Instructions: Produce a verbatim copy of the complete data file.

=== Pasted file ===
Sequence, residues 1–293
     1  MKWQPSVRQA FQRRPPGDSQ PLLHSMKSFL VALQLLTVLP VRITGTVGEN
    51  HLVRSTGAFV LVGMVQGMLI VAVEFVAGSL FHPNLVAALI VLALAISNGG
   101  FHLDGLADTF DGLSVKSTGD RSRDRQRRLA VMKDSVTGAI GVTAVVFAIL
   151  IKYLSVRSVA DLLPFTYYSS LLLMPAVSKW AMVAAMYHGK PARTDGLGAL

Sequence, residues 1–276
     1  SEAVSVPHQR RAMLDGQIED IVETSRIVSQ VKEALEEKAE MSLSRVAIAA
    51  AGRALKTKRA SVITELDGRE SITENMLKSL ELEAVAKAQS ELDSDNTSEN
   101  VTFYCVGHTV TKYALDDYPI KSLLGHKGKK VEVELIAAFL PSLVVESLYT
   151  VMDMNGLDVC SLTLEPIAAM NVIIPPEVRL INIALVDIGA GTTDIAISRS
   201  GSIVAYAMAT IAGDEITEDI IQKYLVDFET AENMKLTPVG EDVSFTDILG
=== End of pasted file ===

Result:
Sequence, residues 1–293
     1  MKWQPSVRQA FQRRPPGDSQ PLLHSMKSFL VALQLLTVLP VRITGTVGEN
    51  HLVRSTGAFV LVGMVQGMLI VAVEFVAGSL FHPNLVAALI VLALAISNGG
   101  FHLDGLADTF DGLSVKSTGD RSRDRQRRLA VMKDSVTGAI GVTAVVFAIL
   151  IKYLSVRSVA DLLPFTYYSS LLLMPAVSKW AMVAAMYHGK PARTDGLGAL

Sequence, residues 1–276
     1  SEAVSVPHQR RAMLDGQIED IVETSRIVSQ VKEALEEKAE MSLSRVAIAA
    51  AGRALKTKRA SVITELDGRE SITENMLKSL ELEAVAKAQS ELDSDNTSEN
   101  VTFYCVGHTV TKYALDDYPI KSLLGHKGKK VEVELIAAFL PSLVVESLYT
   151  VMDMNGLDVC SLTLEPIAAM NVIIPPEVRL INIALVDIGA GTTDIAISRS
   201  GSIVAYAMAT IAGDEITEDI IQKYLVDFET AENMKLTPVG EDVSFTDILG